×

Lululemon's Laurent Potdevin sees huge potential in men's apparel market, adds company is 'almost halfway' to lofty sales goals

  • Lululemon's push into men's apparel is paying off, CEO Laurent Potdevin told CNBC.
  • Potdevin said strong third-quarter results keep Lululemon on track to achieve a target of $4 billion in annual revenue in 2020.
  • That includes $1 billion in online sales, $1 billion in international sales and $1 million in revenue from its men's category — the remainder will stem from women's and "innovation."

Lululemon is acquiring more new shoppers than ever before, CEO Laurent Potdevin told CNBC's "Squawk on the Street" Thursday morning, with many of those new customers being men.

Lululemon shares were climbing more than 7 percent in early trading, following an upbeat third-quarter earnings report after the bell Wednesday. In turn, many analysts who cover the company raised their price targets on the stock.

Same-store sales jumped 8 percent in the fiscal third quarter, outpacing analysts' estimates and boosted by double-digit growth online. According to the athletic apparel retailer, its first-ever men's campaign fueled a 21 percent increase in new male guests ringing up purchases during the latest quarter.

"We have so much runway in the [men's] segment. ... I have yet to see a guy try our product and say: 'It's not for me,'" Potdevin later explained on CNBC.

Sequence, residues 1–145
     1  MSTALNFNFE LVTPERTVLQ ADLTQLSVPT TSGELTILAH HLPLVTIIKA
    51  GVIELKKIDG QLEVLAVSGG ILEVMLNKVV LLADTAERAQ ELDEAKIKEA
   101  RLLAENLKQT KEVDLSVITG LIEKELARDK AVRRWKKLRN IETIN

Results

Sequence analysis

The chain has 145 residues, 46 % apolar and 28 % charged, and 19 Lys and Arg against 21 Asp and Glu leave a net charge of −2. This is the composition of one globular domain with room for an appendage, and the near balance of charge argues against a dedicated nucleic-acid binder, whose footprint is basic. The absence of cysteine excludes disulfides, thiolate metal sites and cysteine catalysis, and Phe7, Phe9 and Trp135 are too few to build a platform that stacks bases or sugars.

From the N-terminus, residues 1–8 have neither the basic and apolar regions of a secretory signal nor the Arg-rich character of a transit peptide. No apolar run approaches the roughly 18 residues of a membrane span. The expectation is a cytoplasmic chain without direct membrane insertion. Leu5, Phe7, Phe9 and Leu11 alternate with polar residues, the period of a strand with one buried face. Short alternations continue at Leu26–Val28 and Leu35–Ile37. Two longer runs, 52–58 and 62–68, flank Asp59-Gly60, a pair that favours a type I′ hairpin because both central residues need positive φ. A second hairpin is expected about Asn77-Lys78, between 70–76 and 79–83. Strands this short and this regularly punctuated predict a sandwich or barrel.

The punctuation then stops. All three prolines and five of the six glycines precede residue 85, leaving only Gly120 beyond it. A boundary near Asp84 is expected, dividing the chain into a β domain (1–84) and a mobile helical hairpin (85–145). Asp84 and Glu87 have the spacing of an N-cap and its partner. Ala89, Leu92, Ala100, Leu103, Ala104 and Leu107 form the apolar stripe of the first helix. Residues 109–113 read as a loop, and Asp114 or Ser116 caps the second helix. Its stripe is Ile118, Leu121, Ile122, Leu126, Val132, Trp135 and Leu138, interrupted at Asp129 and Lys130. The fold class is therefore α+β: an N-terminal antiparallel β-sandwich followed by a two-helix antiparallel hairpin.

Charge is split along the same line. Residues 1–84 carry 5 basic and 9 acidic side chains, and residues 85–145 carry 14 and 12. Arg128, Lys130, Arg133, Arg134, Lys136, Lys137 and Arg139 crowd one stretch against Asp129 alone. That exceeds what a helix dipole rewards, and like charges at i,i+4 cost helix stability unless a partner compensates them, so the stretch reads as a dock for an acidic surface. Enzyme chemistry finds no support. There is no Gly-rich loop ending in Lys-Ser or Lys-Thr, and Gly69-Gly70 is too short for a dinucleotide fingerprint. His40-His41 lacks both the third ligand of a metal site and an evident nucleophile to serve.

The company now expects holiday-quarter sales to reach as much as $885 million, following what were Lululemon's greatest sales ever on Black Friday and Cyber Monday. The company also participated in Alibaba's recent Singles Day, which amassed record sales overseas.

Lululemon said its latest marketing initiatives have lured more customers to the brand, and shoppers have reacted favorably to new product fits and fabrics.

Potdevin said strong third-quarter results keep Lululemon on track to achieve a target of $4 billion in annual revenue in 2020. That includes $1 billion in online sales, $1 billion in international sales and $1 million in revenue from its men's category — the remainder will stem from women's and "innovation."

"We are almost halfway there," the CEO told CNBC Thursday about those goals.

Internationally, Lululemon is making a bigger push in China, where Potdevin said millennial consumers are finally looking to live healthier lifestyles, and commit to staying active.

"We are at the beginning of a movement in China," he said. "[And] we are at the front of that movement."

Lululemon expects to open six additional stores in Asia during the fourth quarter. By the end of 2017, the company will have opened 46 new stores overall.

"While other players in the sports and athleisure market struggle, Lululemon continues to go from strength to strength," Kevin Wathey, a consultant with GlobalData Retail, wrote in a note to clients.

"Lululemon is still attracting new customers and is getting existing shoppers to spend more at both its stores and online," Wathey added. "The strength of Lululemon's bottom line is mostly thanks to its ability to resist the temptation of excessive discounting — even in a market that has become steadily more promotional."

Lululemon shares have risen about 11 percent this year. That compares with rival Nike, which has gained more than 17 percent, and Under Armour, which has tumbled more than 50 percent over the same period.

WATCH: Lululemon reports third-quarter earnings